In Election’s Wake, Partisans Assess the State of Their Parties
2. Trump, Congress and prospects for bipartisanship
A large majority of the public wants the new president to work closely with members of the opposing party in Congress (76%), while just 22% say they want the new president to advance their own programs and not worry about working with the opposing party in Congress. Overall views on this question are about the same as they were in November and July, when the question was asked about the “next” president. But views among partisans have shifted somewhat in the wake of the presidential election. (For more on question wording, see the note at the end of this section.)
The share of Republicans who say the new president should not worry about working with the other party has increased by 12 percentage points since this question was asked in a survey in the days leading up to the election. Today 37% of Republicans and Republican-leaning independents say this, compared with 25% who said this just before the election. Nonetheless, most Republicans (62%) still favor cooperation with the opposing party.
Democrats and Democratic leaners are now even more likely to say the new president should work closely with the opposing party in Congress than they were prior to the election. In the current survey, 88% say this, up from 77% in early November.
While the public wants the new president to work with members of the opposing party in Congress, they are uncertain that this is likely to happen. Overall, 50% say it is either very (10%) or somewhat (41%) likely that Donald Trump will work with Democrats in Washington on important issues, while about as many (49%) say they think this is very (20%) or somewhat (29%) unlikely.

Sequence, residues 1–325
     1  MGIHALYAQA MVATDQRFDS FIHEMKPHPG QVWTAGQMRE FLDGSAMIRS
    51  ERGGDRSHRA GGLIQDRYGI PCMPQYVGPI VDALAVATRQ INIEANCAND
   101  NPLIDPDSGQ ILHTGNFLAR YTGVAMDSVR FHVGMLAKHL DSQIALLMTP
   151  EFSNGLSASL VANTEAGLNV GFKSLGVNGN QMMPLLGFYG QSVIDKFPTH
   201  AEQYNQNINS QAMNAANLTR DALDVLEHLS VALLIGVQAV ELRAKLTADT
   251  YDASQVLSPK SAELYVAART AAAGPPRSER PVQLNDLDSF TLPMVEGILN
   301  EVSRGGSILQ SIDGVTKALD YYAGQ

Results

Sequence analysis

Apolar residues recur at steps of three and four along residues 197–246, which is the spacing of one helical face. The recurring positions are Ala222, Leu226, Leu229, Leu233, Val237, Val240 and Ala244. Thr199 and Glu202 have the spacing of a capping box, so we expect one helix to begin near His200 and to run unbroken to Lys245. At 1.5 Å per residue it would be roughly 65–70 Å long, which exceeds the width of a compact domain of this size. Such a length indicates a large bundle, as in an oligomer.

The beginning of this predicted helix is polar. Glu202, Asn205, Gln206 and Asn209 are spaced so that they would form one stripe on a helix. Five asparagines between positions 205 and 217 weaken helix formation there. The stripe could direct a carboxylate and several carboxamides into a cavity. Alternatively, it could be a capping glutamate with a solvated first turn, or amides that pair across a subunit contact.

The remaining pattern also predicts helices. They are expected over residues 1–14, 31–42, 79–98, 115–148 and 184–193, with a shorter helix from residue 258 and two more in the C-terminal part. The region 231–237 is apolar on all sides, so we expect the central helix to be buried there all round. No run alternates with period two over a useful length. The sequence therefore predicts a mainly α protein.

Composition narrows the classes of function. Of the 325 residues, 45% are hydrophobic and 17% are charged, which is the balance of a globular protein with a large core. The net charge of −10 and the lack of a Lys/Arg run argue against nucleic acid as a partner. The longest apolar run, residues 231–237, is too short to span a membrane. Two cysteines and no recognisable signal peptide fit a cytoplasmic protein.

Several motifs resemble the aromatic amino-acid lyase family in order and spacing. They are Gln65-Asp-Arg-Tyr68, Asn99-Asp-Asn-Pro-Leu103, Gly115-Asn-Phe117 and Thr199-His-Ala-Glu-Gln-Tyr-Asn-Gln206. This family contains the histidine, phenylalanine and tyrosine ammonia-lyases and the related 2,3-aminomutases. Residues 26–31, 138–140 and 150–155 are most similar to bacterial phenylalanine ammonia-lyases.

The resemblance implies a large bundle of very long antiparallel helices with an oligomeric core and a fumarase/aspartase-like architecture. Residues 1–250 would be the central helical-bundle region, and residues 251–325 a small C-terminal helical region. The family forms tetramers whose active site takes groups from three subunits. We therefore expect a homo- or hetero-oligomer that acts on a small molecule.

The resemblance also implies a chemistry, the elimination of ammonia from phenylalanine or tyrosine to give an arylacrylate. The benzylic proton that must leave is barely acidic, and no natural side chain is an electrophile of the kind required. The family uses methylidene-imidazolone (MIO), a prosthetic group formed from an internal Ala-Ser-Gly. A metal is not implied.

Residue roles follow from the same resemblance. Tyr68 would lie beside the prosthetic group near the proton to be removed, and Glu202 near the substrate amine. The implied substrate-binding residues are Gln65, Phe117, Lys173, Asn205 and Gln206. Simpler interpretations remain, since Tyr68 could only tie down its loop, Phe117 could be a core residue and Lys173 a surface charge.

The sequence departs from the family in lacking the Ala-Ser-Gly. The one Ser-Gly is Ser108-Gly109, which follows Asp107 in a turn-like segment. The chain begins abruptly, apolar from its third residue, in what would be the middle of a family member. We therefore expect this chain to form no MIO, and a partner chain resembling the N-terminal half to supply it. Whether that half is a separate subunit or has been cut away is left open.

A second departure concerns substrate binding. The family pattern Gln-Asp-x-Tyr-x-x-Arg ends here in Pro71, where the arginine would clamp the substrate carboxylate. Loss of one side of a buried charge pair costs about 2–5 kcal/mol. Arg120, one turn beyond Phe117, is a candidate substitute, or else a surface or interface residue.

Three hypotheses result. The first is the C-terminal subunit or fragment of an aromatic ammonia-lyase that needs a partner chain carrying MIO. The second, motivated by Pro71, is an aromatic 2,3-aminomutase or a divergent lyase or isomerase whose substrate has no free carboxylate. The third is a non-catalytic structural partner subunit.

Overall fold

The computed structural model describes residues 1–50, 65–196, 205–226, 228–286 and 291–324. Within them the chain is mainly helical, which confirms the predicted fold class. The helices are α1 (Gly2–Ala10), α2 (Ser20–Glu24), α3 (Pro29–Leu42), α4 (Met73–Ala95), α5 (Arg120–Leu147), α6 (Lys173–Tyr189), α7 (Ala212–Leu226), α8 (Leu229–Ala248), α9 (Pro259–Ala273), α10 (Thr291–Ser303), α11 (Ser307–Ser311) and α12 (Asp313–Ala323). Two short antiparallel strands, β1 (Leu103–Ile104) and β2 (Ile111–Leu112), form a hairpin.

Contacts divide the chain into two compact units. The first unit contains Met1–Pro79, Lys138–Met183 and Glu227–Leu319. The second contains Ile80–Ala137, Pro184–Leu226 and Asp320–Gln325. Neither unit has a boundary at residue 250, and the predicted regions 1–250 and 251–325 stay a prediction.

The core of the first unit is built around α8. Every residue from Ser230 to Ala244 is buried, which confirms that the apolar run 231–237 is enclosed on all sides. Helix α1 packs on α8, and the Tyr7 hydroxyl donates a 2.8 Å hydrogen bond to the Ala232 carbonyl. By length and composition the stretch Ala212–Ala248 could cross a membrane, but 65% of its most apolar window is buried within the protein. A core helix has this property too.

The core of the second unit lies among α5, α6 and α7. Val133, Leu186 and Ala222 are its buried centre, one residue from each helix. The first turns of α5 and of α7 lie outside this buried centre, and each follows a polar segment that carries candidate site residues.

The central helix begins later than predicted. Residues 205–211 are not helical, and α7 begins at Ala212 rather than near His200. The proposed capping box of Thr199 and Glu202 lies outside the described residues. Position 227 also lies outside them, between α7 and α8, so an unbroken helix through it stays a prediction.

Most Republicans and Republican-leaning independents (73%) say Trump is at least somewhat likely to work with Democrats – though only 17% say this is very likely. By comparison, most Democrats and Democratic-leaning independents are skeptical Trump will work with Democrats in Washington: 69% say this is either very (33%) or somewhat (36%) unlikely. Democratic skepticism has decreased since just before the election, when 79% said they thought Trump would be unlikely to work with Democrats, if elected.
The public is far more confident that Trump will be able to work with Republicans in Washington: 86% say this is very or fairly likely. Overall, 94% of Republicans and Republican-leaning independents say it is very or somewhat likely that Trump will work with Republicans; a somewhat smaller majority of Democrats and Democratic-leaning independents (80%) agree.
Before the election, Democrats were less likely to think Trump would work with Republicans if he were elected. At that time, only about half (52%) said it was very or somewhat likely Trump would work with members of his own party.
The public also has doubts that Democrats in Washington will work with Trump on important issues. About half (47%) say this is very or somewhat likely to happen, compared with 52% who say this is very or fairly unlikely.
Most Republicans (61%) think it is unlikely that Democrats in Washington will work with Trump; fewer (39%) say this is likely. By contrast, 56% of Democrats consider it likely that members of their party in Washington will work with Trump on important issues, while 44% say this is unlikely.